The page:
Protein is a minor but significant component of kiwifruit. Crude protein is typically measured at about 1% of fresh weight; however, soluble protein is much less, around 0.3%. The difference can be accounted for by nonprotein nitrogen and insoluble protein, such as polypeptide chains forming part of the cell wall. Kiwifruit soluble protein is mostly accounted for by the proteolytic enzyme actinidin and its inactive forms, a so-called thaumatin-like protein and an unusual protein called kiwellin, which has no known function. Actinidin is the predominant enzyme in kiwifruit and can play a role in aiding the digestive process. There is also a wide range of enzymes involved in the ripening of kiwifruit, particularly enzymes involved in polysaccharide and oligosaccharide metabolism and in the development of flavor and aroma compounds. Whether the enzymatic actions of these have any effect during the consumption and digestion of kiwifruit is not known, although any noticeable effect is unlikely. Some enzymes are likely to have an effect on flavor, texture, and nutritional values, during storage, processing, and preparation of kiwifruit.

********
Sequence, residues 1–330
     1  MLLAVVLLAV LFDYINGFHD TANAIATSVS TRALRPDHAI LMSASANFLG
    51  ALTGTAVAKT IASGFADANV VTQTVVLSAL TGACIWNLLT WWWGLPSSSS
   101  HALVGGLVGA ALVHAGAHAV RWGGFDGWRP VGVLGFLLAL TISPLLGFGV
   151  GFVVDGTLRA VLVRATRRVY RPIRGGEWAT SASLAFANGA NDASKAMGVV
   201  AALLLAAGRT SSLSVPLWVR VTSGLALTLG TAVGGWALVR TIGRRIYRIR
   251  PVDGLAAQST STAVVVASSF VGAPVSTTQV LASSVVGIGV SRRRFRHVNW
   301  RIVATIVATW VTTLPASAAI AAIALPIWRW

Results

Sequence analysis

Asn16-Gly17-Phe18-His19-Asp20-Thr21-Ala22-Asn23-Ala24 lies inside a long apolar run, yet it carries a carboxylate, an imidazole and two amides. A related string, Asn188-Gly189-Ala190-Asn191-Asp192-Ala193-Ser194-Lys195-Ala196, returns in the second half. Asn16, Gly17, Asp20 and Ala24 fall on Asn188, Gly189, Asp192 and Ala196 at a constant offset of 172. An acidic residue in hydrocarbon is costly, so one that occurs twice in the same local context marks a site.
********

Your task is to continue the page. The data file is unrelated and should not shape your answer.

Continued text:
Copyright © 2013 Elsevier Inc. All rights reserved.